Friday, April 5, 2013

Why I Have to be a Great Mom.

Trying to get a picture with the
new "light hat".  D insisted on
pushing the camera button
and picking the filter. Took a few
tries, but we had fun and what else
matters??  Nothing else matters.

I’ve written many times before about the scrutiny applied to adoptive parents, and I’ve expressed how, even though I know it’s necessary, it is hard to take sometimes.  It’s so invasive, and every area of your life is investigated to make sure you are good enough.  John and I used to joke that we don’t look good on paper.  Divorces.  Abuse in our families.  John was arrested twice, both of which were dismissed within 24 hours, but one of those was for domestic violence.  An argument with a girlfriend led to a revengeful call to the police, which led to an arrest.  And a subsequent breakup…. And the list goes on.  It doesn’t look good when you’re trying to prove you’d be amazing parents!  But, interestingly enough, these are the things that have pushed us both to have the desire to be amazing parents.  I won’t speak for John, except to say that his growing up with an incredibly abusive father and then living with a single mom on welfare certainly has its lasting repercussions.  I will speak to my experience, and how it has pushed me to try to be the best mom.

I experienced the divorce of my parents and the breakup of our family when I was eleven.  A couple of years later, my mother remarried a man who turned out to be a psychopath.  Most people associate that word with a dangerous killer, but it’s really a personality type and is much more common than just in headline criminals.  My stepfather is/was one.  He still is, but he’s not my stepfather anymore.  I won’t go into all the details—that’s a story for another time.  Suffice it to say, he had an impact on me—on all of us.  He was destructive and manipulative.  He could be charming and he could be scary.  I know now that he was a coward, but in the moment, you don’t always know that, and you don’t know if this will be the time he will snap and do something much more drastic than you thought he was capable of.  I felt very out of control, and I think there are lasting effects from that still with me today.  He could be so cruel, and then the next morning would be joking around.  And, when you are young, that is just so confusing.  I have continued to have dreams over the years of being attacked and never being able to defend myself.  I freeze.  I can’t scream.  I can’t fight back.  It’s awful.  I was never attacked physically by him, but I think that feeling of being out of control has stayed with me.  We had confrontations—screaming, yelling, struggling over things, I did get shoved to the ground once but that wasn’t as bad as having gasoline thrown on me.  And he was a smoker, so I knew there was a lighter in his pocket.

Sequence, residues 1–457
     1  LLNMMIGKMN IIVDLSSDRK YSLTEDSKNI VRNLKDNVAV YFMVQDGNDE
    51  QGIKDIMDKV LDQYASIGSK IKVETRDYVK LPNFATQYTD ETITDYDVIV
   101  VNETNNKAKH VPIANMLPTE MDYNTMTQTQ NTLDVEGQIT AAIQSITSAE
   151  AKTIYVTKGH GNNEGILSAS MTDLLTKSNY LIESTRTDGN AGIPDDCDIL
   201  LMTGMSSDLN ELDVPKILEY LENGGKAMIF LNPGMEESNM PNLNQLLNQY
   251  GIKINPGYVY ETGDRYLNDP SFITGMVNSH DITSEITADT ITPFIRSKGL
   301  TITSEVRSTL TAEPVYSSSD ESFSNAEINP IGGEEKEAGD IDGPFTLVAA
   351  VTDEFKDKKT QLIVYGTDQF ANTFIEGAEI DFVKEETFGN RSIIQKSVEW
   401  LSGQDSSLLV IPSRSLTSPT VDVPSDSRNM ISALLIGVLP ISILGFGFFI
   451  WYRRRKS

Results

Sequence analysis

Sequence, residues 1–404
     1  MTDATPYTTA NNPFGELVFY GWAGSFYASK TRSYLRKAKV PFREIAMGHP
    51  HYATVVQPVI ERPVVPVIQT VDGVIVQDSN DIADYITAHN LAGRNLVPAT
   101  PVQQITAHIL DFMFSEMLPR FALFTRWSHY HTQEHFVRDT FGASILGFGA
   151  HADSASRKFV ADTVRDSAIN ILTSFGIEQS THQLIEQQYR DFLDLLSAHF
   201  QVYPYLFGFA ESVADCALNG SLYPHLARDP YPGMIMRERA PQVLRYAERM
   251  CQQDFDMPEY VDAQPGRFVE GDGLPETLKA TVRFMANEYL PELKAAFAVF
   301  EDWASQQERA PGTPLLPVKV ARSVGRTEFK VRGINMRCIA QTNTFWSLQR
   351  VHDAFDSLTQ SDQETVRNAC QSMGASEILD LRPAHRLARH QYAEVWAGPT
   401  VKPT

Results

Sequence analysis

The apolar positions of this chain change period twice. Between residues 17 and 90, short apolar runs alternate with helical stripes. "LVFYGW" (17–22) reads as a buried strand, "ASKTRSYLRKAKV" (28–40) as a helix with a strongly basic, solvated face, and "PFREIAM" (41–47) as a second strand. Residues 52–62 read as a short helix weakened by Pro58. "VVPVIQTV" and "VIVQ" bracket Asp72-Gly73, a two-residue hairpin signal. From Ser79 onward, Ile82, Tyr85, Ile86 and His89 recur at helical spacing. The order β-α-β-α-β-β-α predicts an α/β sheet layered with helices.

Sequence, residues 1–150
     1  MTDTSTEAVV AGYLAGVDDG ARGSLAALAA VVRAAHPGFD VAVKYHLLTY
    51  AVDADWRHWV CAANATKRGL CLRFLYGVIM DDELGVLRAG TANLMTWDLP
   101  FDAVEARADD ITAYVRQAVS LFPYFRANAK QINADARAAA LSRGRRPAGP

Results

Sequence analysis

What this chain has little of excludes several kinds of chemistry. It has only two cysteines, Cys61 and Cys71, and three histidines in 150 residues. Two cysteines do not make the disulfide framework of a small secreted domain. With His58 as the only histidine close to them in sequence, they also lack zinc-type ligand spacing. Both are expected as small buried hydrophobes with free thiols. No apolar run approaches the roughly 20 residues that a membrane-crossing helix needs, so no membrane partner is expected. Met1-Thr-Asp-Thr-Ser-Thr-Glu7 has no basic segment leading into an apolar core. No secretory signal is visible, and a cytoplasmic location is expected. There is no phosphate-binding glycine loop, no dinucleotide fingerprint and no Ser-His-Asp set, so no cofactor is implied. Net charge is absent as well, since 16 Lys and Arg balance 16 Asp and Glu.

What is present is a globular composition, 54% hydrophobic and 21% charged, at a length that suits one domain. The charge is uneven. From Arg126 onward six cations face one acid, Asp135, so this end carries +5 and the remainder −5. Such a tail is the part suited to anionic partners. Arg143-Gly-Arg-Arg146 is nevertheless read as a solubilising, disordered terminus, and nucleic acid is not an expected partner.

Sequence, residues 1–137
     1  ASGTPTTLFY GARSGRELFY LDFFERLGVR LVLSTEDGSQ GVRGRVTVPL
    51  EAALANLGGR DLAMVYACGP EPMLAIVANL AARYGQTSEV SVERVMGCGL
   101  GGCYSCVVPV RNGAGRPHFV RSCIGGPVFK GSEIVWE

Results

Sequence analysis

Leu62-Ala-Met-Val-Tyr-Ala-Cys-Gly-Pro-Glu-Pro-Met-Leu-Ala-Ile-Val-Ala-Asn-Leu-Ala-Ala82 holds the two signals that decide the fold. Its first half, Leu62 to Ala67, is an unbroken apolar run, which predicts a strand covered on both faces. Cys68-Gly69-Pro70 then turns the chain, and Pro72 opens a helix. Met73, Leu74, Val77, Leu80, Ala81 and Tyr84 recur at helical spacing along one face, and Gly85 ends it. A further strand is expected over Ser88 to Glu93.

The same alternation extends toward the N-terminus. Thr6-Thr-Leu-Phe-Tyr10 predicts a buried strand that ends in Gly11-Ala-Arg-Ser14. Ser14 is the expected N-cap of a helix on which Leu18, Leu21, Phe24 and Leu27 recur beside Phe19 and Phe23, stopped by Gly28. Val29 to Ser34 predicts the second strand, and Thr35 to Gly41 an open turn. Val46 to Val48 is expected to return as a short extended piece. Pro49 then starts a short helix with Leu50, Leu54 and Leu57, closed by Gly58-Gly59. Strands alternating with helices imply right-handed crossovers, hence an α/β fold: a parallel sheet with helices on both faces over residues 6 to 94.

Anyway, I will stop there.  My point in sharing this is that I have never wanted my children to feel the fear or neglect or insecurities that I felt.  Every day I work so hard to make sure that D knows how much I love him.  I hug him and tell him how sweet and handsome and smart and strong he is.  I look him in the eyes and tell him these things all day every day.  I try to not seem frustrated to be parenting him, because I want him to know that I love being his mom.  I never want him to feel that he is a burden.  When he is grown, I know he won’t remember a lot of his childhood, but I want him to remember how much I loved him and how much I loved being with him.  That is my goal.  It is what I work for every day.  It means more to me than most will know, without knowing the whole story.  If I can do this one thing, then I will have been a good mom.

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